By Sharon Begley
(Reuters) - In the escalating battle of big data vs. human experts, score another win for numbers.
The most accurate
predictions of which movies the U.S. Library of Congress will deem
"culturally, historically, or aesthetically significant" are not the
views of critics or fans but a simple algorithm applied to a database,
according to a study published on Monday.
crucial data, scientists reported in Proceedings of the National
Academy of Sciences, are what the Internet Movie Database (IMDb.com)
calls "Connections" - films, television episodes and other works that
allude to an earlier movie.
15,425 films in IMDB.com examined in the study, the measure that was
most predictive of which made it into the Library of Congress's National
Film Registry, which honors "significant" movies, was the number of
references to it by other films released many years later.
1972 classic "The Godfather," for instance, is referred to by 1,323
films and television episodes, which as recently as 2014 quoted the
"offer he can't refuse" line, referred to the famous horse-head scene,
or played the theme music, for instance. "Godfather" made the registry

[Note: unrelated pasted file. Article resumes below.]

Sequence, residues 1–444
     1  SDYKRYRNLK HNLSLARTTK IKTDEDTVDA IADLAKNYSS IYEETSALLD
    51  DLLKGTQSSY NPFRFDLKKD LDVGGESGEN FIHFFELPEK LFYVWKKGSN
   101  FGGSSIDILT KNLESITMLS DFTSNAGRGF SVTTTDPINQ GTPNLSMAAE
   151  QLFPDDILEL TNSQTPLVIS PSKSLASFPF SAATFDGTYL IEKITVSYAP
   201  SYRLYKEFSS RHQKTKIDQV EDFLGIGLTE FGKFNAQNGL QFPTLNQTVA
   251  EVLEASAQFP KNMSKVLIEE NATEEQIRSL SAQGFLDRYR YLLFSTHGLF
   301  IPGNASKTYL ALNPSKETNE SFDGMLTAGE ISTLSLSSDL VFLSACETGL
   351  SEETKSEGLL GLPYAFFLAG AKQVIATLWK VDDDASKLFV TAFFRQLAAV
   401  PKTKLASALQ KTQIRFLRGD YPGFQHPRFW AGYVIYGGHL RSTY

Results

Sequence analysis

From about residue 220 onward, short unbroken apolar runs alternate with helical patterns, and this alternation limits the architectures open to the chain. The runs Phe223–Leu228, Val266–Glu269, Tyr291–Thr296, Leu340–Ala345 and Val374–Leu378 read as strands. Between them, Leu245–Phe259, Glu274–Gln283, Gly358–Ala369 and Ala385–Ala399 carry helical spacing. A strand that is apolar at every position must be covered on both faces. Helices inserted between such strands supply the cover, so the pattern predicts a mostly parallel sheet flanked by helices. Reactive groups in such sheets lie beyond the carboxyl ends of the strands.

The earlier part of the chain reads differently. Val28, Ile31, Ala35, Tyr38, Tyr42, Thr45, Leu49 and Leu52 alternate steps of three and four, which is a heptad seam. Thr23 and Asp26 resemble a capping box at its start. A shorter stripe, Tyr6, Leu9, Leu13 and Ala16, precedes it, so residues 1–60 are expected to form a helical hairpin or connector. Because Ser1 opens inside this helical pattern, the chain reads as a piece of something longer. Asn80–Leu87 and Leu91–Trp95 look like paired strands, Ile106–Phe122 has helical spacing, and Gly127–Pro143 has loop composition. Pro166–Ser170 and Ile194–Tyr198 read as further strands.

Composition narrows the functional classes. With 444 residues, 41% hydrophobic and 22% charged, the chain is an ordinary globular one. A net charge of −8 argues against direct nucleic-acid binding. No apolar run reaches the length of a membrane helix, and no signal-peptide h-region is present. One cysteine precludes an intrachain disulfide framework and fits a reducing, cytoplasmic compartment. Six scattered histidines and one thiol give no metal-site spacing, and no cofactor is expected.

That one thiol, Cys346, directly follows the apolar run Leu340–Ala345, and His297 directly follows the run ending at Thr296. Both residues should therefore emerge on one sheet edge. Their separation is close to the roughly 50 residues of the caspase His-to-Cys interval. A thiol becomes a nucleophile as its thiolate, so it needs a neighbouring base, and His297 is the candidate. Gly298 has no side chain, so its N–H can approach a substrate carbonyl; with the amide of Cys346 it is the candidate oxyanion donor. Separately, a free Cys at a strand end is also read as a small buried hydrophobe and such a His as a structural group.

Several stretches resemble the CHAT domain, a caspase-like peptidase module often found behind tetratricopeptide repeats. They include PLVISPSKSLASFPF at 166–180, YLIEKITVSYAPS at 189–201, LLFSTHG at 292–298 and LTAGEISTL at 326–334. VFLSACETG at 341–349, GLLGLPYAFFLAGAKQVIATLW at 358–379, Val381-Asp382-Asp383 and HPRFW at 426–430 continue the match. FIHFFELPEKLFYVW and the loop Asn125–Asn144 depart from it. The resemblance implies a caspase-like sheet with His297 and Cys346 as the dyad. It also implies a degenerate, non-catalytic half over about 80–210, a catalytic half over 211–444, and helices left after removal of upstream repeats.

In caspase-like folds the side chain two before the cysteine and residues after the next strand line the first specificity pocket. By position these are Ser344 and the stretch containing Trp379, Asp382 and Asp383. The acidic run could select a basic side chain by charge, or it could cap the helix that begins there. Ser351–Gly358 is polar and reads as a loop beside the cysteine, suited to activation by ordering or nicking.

The number of
references to a film more than 25 years after its release was a nearly
infallible predictor of whether it would make the registry, topping 91
percent accuracy, said applied mathematician and study author Max
Wasserman of Northwestern University.
Critics' judgments, Oscar wins, and box-office numbers did not come close.
are nominated for the registry by the public and chosen by the
Librarian of Congress in consultation with a board of experts including
critics, academics, directors, screenwriters and other industry
25-year-lag rule, the 1971 box-office disappointment "Willy Wonka &
the Chocolate Factory" should be in the registry: IMDb lists 52 long-lag
citations to it, the 37th most in the Northwestern analysis.
December, six months after the scientists submitted their paper, the
Library added "Willy Wonka" to the list of 650 cinematic immortals, just
as the research predicted.
have biases that can affect how they evaluate things," said physicist
and co-author Luis A.N. Amaral of Northwestern. "Automated, objective
methods don't suffer from that. It may hurt our pride, but they can
perform as well as or better than experts."
movies identified by the Northwestern algorithm as likely to make the
Registry include "Dumbo," "Spartacus" and "The Shining."
course, humans are not entirely superfluous: flesh-and-blood creators
must decide to refer to an earlier gem in order to establish the crucial
(Reporting by Sharon Begley; Editing by Nick Zieminski)